The Place of Honeymoons (Chapter 8, page 1 of 10)

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Chapter 8

When he had fought what he considered two rattling rounds, Harrigan
conceded that his cravat had once more got the decision over him on
points. And the cravat was only a second-rater, too, a black-silk affair.
He tossed up the sponge and went down to the dining-room, the ends of the
conqueror straggling like the four points of a battered weather-vane. His
wife and daughter and Mademoiselle Fournier were already at their table by
the casement window, from which they could see the changing granite mask
of Napoleon across Lecco.

At the villa there were seldom more than ten or twelve guests, this being
quite the capacity of the little hotel. These generally took refuge here
in order to escape the noise and confusion of a large hotel, to avoid the
necessity of dining in state every night. Few of the men wore evening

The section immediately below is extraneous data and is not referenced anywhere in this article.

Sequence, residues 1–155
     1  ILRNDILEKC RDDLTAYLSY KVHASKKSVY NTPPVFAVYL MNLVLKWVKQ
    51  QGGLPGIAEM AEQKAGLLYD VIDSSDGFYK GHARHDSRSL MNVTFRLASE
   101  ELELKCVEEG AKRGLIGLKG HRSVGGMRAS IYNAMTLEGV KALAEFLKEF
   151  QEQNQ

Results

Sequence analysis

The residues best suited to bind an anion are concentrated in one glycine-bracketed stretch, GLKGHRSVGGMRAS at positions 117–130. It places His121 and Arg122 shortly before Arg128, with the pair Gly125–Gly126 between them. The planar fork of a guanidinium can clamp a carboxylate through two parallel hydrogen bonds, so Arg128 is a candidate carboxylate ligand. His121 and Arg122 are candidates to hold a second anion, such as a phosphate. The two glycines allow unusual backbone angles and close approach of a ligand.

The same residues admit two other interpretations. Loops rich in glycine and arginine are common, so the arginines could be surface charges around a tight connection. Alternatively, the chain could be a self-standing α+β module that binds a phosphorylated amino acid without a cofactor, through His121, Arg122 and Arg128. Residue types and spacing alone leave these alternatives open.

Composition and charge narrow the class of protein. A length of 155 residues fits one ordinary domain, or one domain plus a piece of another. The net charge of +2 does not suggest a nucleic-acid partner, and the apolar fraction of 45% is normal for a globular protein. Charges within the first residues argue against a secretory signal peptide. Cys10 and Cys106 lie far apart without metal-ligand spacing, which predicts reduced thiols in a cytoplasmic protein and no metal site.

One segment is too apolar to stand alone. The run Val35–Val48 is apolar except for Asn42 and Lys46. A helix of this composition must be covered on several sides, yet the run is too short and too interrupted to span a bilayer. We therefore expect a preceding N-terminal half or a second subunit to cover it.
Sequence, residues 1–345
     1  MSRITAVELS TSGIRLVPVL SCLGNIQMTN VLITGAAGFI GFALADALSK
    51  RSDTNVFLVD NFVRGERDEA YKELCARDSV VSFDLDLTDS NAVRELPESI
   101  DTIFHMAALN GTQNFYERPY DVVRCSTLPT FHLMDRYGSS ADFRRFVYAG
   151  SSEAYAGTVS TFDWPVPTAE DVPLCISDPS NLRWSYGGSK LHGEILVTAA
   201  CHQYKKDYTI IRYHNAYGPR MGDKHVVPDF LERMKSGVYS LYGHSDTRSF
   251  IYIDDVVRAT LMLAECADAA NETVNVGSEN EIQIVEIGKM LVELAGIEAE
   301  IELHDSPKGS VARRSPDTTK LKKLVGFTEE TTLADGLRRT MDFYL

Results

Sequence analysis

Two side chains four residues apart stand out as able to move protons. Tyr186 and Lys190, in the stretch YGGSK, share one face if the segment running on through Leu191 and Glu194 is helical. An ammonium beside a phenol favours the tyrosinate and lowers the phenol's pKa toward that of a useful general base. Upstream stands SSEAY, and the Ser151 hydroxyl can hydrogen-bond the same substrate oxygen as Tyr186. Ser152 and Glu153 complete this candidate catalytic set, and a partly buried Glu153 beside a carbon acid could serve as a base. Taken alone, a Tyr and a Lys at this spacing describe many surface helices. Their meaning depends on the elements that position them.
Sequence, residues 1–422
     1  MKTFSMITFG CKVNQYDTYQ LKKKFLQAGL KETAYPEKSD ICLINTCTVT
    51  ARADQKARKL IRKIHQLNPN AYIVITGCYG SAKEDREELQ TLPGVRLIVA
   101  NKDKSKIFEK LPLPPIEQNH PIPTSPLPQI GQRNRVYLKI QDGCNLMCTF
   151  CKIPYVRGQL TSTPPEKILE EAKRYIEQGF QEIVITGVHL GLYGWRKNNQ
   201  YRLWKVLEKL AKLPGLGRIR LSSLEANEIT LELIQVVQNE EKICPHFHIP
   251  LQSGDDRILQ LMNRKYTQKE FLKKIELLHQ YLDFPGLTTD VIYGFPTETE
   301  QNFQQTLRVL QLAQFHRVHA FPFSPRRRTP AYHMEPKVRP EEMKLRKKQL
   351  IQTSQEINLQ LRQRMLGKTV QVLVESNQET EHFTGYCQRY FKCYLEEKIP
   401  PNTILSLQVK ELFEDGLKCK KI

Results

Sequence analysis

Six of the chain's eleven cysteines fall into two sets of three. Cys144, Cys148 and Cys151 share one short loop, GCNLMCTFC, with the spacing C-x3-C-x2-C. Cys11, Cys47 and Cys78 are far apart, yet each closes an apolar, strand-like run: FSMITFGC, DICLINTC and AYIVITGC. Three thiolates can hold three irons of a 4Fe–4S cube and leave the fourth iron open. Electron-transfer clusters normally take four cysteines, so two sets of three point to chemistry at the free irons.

dress, save on occasions when they were entertaining. The villa wasn't at
all fashionable, and the run of American tourists fought shy of it,
preferring the music and dancing and card-playing of the famous hostelries
along the water-front. Of course, everybody came up for the view, just as
everybody went up the Corner Grat (by cable) at Zermatt to see the
Matterhorn. But for all its apparent dulness, there, was always an English
duchess, a Russian princess, or a lady from the Faubourg St.-Germain
somewhere about, resting after a strenuous winter along the Riviera. Nora
Harrigan sought it not only because she loved the spot, but because it
sheltered her from idle curiosity. It was almost as if the villa were
hers, and the other people her guests.

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